Parenting Blog

Study: Kids are troubled by Arguing Parents

New research on how conflicted parental relationships affect kids by the University of Rochester, Syracuse University and the University of Notre Dame shows that children whose parents argue a lot are more likely to have problems, both in school and psychologically. The two year study looked at 216, 6-year-olds for problem behavior, participation in academic activities and cooperation with peers.

Kids who worried about their parents’ relationship had more attention problems a year after their concerns were raised, increasing the likelihood of school problems. The study is published in the September/October issue of the journal Child Development.

Television and Young Children

There is a study that was recently published in the journal Child Development that may be of interest to parents with young children. The previous belief was that if young children (ages 1-3 in this study) were playing in a room with the television on, that they would not be distracted if the show was incomprehensible to them.

This study proves just the opposite. Prior research has suggested that very young children don’t pay attention to TV they can’t understand and recent surveys show that as many as two-thirds of children up to 6 years old live in homes where the TV is on at least half the time, even if no one is watching.

In the new study, researchers say the disruptive effects to the children were “real but small”. When the TV was on, kids played for about 30 seconds, on average with a given toy. Without TV, it was 60 seconds. Some psychologists worry about the cumulative effect as the daily play disruptions add up to weeks and months.

It is important for young children to have “alone” play time. It allows them to explore and to develop their creativity and imagination, as well as grow their sense of independence. Let’s turn off our TVs and let our children get the most from their play time!

A new study confirms as children age, they exercise less

One of the goals of this blog is to provide parenting tips and guide you to resources for assistance…all in an effort to help you at the most important job you will every have – being a parent. From time to time, we’ll write articles in this blog about information that catches our eye.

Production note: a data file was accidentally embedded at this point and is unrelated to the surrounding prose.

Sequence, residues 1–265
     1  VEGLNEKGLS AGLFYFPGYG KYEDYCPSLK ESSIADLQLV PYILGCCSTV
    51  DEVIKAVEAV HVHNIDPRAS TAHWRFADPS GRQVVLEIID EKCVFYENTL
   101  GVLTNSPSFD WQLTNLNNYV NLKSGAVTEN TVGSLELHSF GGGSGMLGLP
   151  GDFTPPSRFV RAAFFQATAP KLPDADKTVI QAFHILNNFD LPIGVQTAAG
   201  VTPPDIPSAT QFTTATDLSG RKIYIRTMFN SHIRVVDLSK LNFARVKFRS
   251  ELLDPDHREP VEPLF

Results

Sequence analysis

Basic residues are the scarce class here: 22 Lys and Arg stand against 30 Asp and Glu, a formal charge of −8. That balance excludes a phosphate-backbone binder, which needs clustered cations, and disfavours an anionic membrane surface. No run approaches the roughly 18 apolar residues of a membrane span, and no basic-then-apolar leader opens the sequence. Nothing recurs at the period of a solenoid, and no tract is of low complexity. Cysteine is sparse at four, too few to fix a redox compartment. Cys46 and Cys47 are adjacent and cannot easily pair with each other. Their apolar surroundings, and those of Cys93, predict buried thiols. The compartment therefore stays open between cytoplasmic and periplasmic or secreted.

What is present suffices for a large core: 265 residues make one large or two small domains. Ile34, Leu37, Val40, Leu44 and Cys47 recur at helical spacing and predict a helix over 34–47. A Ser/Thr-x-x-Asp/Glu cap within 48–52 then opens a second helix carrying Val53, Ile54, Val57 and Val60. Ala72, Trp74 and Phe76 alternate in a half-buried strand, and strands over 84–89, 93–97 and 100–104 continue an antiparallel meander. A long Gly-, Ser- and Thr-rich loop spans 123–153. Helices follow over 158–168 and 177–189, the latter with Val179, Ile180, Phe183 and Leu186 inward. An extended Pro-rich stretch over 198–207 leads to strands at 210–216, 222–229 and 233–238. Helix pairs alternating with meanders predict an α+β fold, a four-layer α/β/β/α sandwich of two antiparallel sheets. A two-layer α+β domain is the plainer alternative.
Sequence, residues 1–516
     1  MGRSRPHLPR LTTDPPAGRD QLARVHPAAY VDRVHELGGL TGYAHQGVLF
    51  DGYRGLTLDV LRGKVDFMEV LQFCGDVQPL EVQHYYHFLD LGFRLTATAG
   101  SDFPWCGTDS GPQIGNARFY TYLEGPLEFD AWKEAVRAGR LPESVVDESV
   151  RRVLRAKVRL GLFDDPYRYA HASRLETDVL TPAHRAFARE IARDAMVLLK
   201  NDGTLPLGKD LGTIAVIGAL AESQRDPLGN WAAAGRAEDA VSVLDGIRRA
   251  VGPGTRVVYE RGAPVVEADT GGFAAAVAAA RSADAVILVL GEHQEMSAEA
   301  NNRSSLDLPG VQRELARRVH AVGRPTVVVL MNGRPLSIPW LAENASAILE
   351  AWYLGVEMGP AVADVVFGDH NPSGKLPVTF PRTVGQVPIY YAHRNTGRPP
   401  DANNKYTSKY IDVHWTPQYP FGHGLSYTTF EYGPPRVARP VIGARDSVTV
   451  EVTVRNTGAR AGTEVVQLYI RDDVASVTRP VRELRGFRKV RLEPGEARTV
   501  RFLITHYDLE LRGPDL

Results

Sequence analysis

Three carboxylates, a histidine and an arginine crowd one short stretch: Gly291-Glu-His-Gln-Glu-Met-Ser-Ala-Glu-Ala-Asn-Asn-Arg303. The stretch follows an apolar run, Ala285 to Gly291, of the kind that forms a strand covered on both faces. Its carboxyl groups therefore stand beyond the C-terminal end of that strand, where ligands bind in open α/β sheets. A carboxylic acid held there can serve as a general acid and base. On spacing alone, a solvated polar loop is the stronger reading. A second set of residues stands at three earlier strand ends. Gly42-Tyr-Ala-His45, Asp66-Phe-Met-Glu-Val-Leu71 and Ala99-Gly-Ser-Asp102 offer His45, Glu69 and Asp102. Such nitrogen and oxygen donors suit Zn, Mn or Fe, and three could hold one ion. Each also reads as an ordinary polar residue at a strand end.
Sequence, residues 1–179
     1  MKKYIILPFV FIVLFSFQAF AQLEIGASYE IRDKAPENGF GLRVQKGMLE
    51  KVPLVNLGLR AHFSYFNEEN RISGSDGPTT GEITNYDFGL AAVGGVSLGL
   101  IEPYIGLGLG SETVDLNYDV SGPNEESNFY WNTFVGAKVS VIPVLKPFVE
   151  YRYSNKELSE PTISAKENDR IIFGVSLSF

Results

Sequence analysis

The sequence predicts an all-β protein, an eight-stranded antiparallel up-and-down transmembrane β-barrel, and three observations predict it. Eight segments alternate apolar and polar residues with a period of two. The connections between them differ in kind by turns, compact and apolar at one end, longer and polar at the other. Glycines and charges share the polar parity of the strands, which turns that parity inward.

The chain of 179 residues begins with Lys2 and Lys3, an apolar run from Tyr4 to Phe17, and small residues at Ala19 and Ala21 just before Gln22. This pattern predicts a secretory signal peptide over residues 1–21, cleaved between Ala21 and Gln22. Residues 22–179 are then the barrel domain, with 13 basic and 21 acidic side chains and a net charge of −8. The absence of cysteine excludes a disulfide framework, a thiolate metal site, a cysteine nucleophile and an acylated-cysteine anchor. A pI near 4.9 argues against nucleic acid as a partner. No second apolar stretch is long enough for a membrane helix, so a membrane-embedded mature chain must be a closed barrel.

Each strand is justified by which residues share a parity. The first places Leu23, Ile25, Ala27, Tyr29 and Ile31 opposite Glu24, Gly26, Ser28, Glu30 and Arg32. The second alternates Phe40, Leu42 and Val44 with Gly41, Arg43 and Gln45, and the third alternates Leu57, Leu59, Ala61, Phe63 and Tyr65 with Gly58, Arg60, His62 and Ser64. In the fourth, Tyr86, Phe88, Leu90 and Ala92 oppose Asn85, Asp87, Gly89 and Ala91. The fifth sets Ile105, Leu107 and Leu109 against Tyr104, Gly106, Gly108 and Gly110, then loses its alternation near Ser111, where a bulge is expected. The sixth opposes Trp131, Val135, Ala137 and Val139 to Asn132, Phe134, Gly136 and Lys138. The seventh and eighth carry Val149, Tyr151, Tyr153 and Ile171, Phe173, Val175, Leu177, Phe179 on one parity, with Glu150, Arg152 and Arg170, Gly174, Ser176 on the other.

I recently read about the results of a long-term study by the National Institute of Child Health and Human Development which is part of the National Institutes of Health. The study provides the results of how the amount of exercise children in the USA get each day drops dramatically from age 9 to 15. Nine-year-olds get 3 hours a day of moderate to vigorous physical activity. At 15, the amount drops to less than 50 minutes. In fact fewer than one-third of 15 year-olds get 60 minutes a day.

To put this into perspective, the federal government recommends a minimum of 1 hour of activity a day. This inactivity helps explain why one-third of children in the USA – about 23 million ages 2-19 – are overweight and puts them at increased risk of type 2 diabetes, high cholesterol and other health problems.

You can read more about this study:

Think about how you can accomplish two important tasks – spending time with your kids and promoting physical activity. Join your kids in walking the dog, shooting baskets or kicking the soccer ball. It will be time well spent.

Is Time Out a good discipline technique?

Parents are often quick to use “Time Out” as a discipline tool because it is a widely used practice.  Physicians, teachers, and other parents frequently recommend “Time Out” as a way to correct common misbehaviors.  The problem with this thinking is, “Time Out” most often increases the intensity of the power struggle.

“Time Out” is not the same as removing the child from the situation.  For children under the age of 3, using one or more of the Remove and Redirect strategies are most helpful:

· Remove the object

· Remove the child from the environment  (This is not “Time Out”)

· Redirect the child’s attention

· Redirect the child’s activity

After the age of three (and even younger for some children), they understand that they are “independent beings” and using “Time Out” will only intensify the power struggle.  We cannot impose our will on another human being – even a child.  When we try to exercise power over a child, they will naturally fight back.  How can we possibly force a child to stay in “Time Out”?  Some children who are less “spirited” may do as they are told and remain in “Time Out” for the prescribed time – but what are they learning about their misbehavior? Are they sitting in “Time Out” thinking about their poor choice and about how they will do things differently next time?  Probably not!  Most likely they are “stewing” over how unfair it is that Mom or Dad sent them to “Time Out”!

How is “Time Out” related to most misbehaviors?  In most cases, it isn’t.

For consequences to be effective and to provide learning for future behaviors, they must meet the criteria of the 4 R’s.

You will learn about the 4 R’s as well as many other tools to address misbehaviors by enrolling in Positive Parenting Solutions Online.

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